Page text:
When billions of eyes gaze upon the obscured sun this Monday, some devout Hindus will observe, in their view, the enduring battle between Rahu (really just the head of Rahu) and the Sun (Surya). The myth to which they refer, mentioned in the Bhagavata Purana (5.24, 8.9) and in the Mahabharata (1.19), concerns amrita, the nectar of immortality, produced from Samudra manthana, the Churning of the Ocean of Milk. After the ocean is properly churned (in which Mount Mandera is used as a churning rod and Vasuki, the serpent king, is used as the pull rope!) coveted amrita is produced. Visnu turns himself into Mohini, the only female avatar of Visnu, an enchanting and titillating damsel, to distribute the amrita to the devas (gods), and to distract and keep it from the potentially pilfering asuras (demi-gods). One asura, Rahu, sits with the gods and is able to imbibe the desirable amrita. He is spotted by Surya (the Sun) and Chandra (the Moon), who alert Visnu. Visnu decapitates Rahu with his sudarshan-chakra (discus), . Having drunk just a bit of the amrita, Rahu’s head is made immortal while his body, called Ketu, not having come in contact with the immortalizing amrita, dies. The head of Rahu, then, remains and grudgingly attacks the Sun (and Ketu attacks the Moon) and is said to swallow it, and to cause the “eclipse”! Since Rahu has no body he is unable to digest the sun and thus the sun is released, and the eclipse ends.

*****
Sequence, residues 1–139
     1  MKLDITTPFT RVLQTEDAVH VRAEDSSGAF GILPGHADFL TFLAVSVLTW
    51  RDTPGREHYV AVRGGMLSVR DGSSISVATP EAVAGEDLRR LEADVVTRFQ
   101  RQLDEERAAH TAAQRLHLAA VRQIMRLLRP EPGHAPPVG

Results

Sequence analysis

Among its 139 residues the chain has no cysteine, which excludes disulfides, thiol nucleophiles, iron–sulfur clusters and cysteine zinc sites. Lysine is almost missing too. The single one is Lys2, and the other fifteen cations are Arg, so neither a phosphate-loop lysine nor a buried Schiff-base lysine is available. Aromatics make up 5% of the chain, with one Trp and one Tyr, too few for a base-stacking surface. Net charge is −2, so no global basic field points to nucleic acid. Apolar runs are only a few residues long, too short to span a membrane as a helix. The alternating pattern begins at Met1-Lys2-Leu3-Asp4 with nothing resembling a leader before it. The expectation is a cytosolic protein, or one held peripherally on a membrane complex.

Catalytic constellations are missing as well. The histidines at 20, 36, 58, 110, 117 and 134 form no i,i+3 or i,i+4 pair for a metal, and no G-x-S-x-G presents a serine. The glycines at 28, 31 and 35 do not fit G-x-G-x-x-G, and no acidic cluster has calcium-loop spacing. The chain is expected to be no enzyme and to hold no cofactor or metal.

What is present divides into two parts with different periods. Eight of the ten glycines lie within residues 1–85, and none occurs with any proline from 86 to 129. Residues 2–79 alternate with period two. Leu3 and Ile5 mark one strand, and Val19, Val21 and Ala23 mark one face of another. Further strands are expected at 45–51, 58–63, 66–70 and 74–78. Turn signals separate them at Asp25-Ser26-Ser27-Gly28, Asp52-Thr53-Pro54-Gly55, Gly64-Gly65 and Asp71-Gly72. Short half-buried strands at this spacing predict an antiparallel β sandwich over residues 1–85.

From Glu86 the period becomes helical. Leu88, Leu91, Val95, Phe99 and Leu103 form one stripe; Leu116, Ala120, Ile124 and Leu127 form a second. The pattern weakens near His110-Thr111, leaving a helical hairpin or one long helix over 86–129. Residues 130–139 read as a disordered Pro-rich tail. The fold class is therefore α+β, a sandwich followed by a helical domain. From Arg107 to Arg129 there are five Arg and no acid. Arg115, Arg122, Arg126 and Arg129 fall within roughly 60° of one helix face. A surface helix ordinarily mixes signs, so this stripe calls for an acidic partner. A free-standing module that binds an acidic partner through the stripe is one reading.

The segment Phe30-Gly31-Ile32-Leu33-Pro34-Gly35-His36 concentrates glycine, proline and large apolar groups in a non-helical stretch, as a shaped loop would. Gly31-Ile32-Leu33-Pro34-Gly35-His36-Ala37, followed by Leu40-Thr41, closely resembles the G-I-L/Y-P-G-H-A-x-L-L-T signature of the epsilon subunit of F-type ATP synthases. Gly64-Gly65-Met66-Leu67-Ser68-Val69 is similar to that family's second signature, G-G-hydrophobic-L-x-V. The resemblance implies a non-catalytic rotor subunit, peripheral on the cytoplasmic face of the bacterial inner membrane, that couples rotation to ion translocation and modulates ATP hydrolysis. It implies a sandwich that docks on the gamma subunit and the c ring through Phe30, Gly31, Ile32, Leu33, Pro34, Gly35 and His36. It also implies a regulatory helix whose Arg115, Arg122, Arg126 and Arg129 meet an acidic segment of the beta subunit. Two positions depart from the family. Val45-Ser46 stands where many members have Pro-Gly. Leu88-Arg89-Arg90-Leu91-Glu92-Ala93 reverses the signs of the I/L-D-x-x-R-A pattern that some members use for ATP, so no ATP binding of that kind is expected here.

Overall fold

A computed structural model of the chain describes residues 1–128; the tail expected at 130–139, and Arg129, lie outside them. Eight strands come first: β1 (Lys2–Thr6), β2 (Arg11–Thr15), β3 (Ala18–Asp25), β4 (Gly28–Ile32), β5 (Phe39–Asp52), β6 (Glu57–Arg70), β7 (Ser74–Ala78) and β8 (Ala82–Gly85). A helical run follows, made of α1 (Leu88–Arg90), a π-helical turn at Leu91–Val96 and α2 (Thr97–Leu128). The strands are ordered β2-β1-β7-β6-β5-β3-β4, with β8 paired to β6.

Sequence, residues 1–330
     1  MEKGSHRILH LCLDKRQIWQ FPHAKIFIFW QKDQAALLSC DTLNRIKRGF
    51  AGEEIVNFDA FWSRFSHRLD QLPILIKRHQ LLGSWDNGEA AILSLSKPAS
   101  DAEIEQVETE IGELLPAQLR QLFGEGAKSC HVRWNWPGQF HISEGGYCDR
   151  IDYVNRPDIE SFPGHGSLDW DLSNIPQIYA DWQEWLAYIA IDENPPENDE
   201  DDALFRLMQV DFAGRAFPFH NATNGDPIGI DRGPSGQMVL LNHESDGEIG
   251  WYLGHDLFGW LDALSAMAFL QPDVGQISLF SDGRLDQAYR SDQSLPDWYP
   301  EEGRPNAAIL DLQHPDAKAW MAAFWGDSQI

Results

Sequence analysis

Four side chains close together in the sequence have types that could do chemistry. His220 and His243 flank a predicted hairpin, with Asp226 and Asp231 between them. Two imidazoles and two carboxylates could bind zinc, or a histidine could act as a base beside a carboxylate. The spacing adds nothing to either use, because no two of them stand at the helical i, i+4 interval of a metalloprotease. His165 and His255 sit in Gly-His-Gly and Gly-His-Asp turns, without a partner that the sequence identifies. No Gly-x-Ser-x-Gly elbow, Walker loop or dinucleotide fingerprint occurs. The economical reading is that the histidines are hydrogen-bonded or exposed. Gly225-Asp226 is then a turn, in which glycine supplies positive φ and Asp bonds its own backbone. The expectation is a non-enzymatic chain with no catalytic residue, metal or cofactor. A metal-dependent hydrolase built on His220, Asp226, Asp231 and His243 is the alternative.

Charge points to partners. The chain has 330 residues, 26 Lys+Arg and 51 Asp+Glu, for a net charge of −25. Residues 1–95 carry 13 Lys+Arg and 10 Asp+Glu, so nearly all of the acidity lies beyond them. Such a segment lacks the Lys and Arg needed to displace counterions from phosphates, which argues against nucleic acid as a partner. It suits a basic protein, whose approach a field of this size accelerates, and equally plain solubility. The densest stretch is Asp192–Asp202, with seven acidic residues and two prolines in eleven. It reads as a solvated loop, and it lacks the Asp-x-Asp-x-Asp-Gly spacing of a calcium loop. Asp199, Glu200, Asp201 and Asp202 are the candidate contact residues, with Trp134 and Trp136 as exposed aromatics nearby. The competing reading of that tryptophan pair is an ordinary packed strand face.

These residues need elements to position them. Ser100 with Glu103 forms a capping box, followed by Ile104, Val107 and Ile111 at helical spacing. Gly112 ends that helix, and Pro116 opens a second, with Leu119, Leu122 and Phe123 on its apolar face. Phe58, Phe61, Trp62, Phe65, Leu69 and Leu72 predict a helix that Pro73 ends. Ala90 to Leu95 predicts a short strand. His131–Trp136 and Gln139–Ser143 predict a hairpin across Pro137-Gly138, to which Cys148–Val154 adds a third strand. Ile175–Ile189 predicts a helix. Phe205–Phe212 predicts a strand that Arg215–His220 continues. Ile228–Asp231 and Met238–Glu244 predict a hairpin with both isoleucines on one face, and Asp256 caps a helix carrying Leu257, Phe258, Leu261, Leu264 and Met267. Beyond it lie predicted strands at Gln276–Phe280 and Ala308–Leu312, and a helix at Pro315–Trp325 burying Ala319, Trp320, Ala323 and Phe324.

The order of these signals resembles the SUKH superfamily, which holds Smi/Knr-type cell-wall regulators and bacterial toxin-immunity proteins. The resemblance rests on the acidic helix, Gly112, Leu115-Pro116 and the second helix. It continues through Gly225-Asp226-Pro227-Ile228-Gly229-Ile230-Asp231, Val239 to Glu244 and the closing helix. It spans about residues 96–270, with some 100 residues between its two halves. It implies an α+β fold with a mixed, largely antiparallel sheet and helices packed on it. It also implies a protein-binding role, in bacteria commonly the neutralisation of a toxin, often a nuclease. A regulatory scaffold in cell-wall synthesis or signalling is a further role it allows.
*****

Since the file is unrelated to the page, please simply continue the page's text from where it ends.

So when you get a good view of the eclipse on Monday, you may be getting darshan (auspicious sight) of Rahu taking revenge on Surya (the Sun)!